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You are hereHome > Digital Camera Reviews > Canon PowerShot SD700 IS

Canon Digital Cameras


Canon PowerShot SD700 IS Review

Review Date: Jul 1, 2006

Category: Point-and-Shoot

Canon PowerShot SD700 IS

Photoxels Editor's Choice 2006 DIWA Awards: Canon PowerShot SD700 IS / Digital IXUS 800 IS Wins Gold!


Friday, Jun 23, 2006 - Here's what I receive in the box:

  • PowerShot SD700 IS
  • 16MB Secure Digital (SD) Card
  • Li-ion Rechargeable Battery & Battery Charger
  • Wrist Strap
  • Interface Cables: A/V; USB
  • Documentation (English and French): User Guide Basic, User Guide Advanced, System Map, Direct Print User Guide, Software Starter Guide
  • Software CDs: Digital Camera Solution 28.2

The Canon PowerShot SD700 IS, like the other Digital ELPH series digital cameras, is targeted to point-and-shoot photographers desiring an ultra compact take-anywhere digital camera that gives great results -- now with Optical Image Stabilization.

A design change is the black coating that goes around the optical viewfinder and LCD monitor on the back and a slice of the top of the camera. This serves a practical purpose by eliminating reflection, and also gives the SD700 IS a sweeping line when viewed from the top: it gives the illusion that the camera is thinner on the left side and gets thicker moving to the right side. As expected, build quality is excellent and the SD700 retains the beautiful lines that characterize the Digital ELPH series.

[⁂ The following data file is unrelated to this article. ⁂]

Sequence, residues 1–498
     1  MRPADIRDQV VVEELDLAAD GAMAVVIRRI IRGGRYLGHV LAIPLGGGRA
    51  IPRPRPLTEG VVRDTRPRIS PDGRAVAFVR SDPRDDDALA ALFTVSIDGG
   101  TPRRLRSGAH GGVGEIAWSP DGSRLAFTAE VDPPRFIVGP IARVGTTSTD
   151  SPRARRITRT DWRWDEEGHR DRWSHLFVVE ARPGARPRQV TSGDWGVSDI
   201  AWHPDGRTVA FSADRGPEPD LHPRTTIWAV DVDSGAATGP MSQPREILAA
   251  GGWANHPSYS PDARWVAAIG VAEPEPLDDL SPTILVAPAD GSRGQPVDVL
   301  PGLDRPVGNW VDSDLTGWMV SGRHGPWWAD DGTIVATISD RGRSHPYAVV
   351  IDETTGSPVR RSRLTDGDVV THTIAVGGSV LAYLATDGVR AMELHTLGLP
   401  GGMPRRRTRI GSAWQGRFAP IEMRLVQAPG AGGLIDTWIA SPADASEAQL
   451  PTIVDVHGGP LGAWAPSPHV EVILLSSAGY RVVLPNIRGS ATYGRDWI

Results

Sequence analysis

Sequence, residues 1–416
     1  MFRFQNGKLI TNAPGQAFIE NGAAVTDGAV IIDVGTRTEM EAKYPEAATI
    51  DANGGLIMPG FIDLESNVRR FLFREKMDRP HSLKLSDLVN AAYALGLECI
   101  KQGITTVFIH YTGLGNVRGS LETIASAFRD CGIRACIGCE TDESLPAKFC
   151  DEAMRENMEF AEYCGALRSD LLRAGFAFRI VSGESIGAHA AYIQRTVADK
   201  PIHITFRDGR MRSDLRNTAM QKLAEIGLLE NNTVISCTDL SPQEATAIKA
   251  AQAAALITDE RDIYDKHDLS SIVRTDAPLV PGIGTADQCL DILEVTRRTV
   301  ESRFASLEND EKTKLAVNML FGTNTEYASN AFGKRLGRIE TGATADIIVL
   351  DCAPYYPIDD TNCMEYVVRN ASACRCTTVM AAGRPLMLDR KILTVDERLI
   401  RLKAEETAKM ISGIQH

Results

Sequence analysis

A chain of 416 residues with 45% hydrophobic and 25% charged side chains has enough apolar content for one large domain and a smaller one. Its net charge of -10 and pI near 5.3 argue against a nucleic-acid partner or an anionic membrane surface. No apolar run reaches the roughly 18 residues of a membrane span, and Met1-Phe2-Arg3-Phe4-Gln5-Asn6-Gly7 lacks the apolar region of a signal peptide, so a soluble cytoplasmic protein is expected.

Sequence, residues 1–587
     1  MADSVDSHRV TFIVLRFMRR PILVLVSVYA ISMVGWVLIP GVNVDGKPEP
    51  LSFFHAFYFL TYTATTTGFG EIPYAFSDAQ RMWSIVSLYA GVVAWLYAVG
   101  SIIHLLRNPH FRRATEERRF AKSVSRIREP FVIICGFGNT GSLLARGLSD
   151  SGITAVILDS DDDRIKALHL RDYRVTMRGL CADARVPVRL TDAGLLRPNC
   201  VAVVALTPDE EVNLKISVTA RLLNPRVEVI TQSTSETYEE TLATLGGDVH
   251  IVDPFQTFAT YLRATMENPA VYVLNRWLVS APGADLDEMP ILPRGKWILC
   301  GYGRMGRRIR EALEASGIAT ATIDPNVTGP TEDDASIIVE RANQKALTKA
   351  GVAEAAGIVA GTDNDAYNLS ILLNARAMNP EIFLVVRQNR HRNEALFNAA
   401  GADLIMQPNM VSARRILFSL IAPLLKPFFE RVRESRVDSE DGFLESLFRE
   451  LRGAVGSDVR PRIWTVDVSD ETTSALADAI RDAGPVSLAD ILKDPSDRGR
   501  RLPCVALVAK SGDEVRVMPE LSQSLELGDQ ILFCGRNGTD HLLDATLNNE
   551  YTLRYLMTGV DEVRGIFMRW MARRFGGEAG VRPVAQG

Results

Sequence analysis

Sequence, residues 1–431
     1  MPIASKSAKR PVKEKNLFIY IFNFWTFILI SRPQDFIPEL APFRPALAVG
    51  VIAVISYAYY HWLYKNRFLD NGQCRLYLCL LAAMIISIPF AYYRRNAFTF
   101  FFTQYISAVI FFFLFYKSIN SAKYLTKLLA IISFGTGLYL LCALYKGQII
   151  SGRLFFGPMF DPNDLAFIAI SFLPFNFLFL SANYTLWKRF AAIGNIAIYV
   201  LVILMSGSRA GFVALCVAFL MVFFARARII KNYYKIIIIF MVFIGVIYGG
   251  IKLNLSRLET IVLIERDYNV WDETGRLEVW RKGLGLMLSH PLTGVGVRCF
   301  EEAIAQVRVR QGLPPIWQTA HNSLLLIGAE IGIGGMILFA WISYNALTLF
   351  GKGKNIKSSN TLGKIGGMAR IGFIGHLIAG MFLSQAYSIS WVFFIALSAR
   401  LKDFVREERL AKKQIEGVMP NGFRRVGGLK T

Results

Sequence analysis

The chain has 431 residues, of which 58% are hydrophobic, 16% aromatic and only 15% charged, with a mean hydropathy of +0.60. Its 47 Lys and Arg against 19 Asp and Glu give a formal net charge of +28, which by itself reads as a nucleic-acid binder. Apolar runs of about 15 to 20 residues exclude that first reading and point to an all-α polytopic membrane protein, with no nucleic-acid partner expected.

There are two other design changes on the SD700 IS that may be worth mentioning. The power button is moved from the traditional top to the back. It is coated black and I simply could not find it at first, even though it is clearly labelled ON/OFF. Just to see if others also had a hard time finding it, I handed it to a friend who had never used it before and he turned the camera on right away, so I guess it's just me.

The second change is the Mode Dial that is now "inside" the camera with only a thumb-activated portion visible. This is a clever design decision because it effectively frees up space for the thumb to rest on. The Mode Dial snaps securely in place at each setting. A few times, I've inadvertently changed setting when putting or taking the camera from my trousers pocket.

The Canon SD700 has a "Manual" or M mode which should be more correctly labelled "Programmed Auto" or P mode. In this mode, you have access to the ISO, WB, Exposure Compensation and Long Shutter speeds. The more I use the Canon Digital ELPH series digital cameras, the more I appreciate this M mode. This mode allows the more advanced photographers to capture shots in difficult lighting situations.

For Canada, Canon has provided both the English and French printed versions of the Basic and Advanced Camera User Guides. They are both well illustrated and written, and the print font is easy to read.

Even though the Canon SD700 IS is ultra compact, the controls are placed logically and there's never any confusion where to access a feature. New users should take some time to familiarize themselves with the FUNC. button and screens which basically give quick access to all the exposure settings (if, that is, you use the "Manual" mode).

The 4-Way Arrows and the two buttons at the bottom (DISP & MENU) are just too close together, and get in each other's way. So, if you've got a large thumb, you may find it difficult to press the DOWN Arrow (Erase & Drive Mode) without also pressing either the DISP or MENU button.